Adequate funding, not ‘regulatory reform’ is the key to an effective DEP | Opinion

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By Rob Altenburg

In a recent Capital-Star op-Ed, Kevin Sunday, of the Pennsylvania Chamber of Business and Industry, argued the case for “regulatory reform” across state government. But many of the policies he endorses are irresponsible ideas that would put the health of Pennsylvania citizens at risk and take away their ability to protect themselves.

For instance, Sunday suggests having the Pennsylvania Department of Environmental Protection contract with third-party licenced professionals to review permits, but this has been tried in the past and failed. He adds that it is “imperative that the department retain final say in the issuance of the permit,” but doesn’t recognize that without DEP engineers and other professionals reviewing and analyzing permit applications, the “final say” is meaningless.

Simply trusting that a third-party reviewer did a good job isn’t enough. DEP permits are often already prepared by third-party licenced professionals in contract with the company seeking the permit, and there is a long track-record of significant delays caused by incomplete or technically deficient applications.

Sunday’s proposal would expand this problem. The fact that professionals are licensed is no guarantee they will produce complete and accurate applications — history tells us as much.

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Sunday next suggests we limit the practice of awarding attorney’s fees when permit decisions are successfully challenged. That leaves a question: what is a typical low-to middle-income citizen supposed to do if they are put at risk but don’t have the money to hire help?

Is Sunday suggesting that if you can’t write a check to hire lawyers, engineers, geologists and other experts, your health is less important?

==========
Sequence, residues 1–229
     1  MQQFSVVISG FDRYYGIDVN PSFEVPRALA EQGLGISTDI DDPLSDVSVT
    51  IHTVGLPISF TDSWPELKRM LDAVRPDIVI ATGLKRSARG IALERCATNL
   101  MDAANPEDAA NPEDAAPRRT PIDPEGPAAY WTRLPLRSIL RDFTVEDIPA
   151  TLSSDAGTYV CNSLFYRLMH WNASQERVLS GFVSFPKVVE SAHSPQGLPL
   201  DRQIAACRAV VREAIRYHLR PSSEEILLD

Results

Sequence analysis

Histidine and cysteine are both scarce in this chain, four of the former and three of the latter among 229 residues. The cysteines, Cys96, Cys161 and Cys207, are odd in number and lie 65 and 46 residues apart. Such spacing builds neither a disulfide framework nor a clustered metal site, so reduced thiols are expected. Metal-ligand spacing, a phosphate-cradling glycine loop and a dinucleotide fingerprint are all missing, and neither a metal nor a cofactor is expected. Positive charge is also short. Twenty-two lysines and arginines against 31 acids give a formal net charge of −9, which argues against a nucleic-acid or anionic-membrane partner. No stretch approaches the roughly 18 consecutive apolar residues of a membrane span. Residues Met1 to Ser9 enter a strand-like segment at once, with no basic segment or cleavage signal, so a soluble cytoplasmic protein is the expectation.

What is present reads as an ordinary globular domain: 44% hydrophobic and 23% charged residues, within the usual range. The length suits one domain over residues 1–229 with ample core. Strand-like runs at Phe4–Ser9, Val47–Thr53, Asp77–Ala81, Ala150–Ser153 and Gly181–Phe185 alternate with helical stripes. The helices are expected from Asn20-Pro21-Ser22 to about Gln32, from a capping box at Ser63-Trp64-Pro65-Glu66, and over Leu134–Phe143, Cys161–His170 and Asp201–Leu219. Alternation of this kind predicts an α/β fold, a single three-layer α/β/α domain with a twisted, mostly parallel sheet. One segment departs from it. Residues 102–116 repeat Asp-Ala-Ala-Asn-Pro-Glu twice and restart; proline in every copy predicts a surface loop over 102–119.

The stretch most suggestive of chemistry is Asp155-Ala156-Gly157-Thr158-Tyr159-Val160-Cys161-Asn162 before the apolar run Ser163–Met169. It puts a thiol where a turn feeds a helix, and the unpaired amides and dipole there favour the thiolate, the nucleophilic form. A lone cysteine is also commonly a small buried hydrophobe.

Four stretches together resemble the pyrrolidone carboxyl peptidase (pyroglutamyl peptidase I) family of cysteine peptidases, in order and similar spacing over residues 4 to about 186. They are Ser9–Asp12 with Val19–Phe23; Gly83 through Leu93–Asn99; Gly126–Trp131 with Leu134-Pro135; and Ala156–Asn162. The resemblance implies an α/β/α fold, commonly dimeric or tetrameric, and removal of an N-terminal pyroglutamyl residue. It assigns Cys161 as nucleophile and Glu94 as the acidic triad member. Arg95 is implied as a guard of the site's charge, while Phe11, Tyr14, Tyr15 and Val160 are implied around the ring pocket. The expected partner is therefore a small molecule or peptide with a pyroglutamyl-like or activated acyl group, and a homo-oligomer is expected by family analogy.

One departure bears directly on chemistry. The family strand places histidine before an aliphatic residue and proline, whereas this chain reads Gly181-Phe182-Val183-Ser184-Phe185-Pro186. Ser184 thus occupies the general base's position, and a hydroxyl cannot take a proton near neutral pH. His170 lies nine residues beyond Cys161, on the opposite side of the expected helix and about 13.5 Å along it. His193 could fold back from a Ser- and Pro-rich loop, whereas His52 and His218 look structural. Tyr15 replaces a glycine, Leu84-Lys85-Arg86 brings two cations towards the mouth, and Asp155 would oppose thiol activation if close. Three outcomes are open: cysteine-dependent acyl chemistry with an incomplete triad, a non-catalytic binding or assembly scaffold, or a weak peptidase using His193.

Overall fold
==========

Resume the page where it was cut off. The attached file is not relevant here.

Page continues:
In the same vein, Sunday suggests a rule mandating people who challenge a permit before the Environmental Hearing Board (EHB) only be able to raise issues that already came up during the official public comment period.

Is the EHB supposed to say: “We’re sorry your child’s health is at risk, but we can’t help you because you didn’t raise the issue within 30 days of the notice being published in the Pennsylvania Bulletin?”

Permits can be complex and problems often aren’t discovered without significant research and effort. The existing process at EHB recognizes this and makes it a priority to do what is right and not grant technically deficient permits based on procedural technicalities.

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The Environmental Rights Amendment of Pennsylvania’s Constitution guarantees people “a right to clean air, pure water, and to the preservation of the natural, scenic, historic and esthetic values of the environment.”

That includes people who don’t read the Pennsylvania Bulletin every week. If  Sunday wants to speed up permit reviews and protect Pennsylvanians, he should be asking the Legislature to work with Gov. Tom Wolf to ensure DEP has the budget to hire the professionals they need to do their job.

Rob Altenburg is the director of the Energy Center at the environmental advocacy group PennFuture. He writes from Harrisburg.

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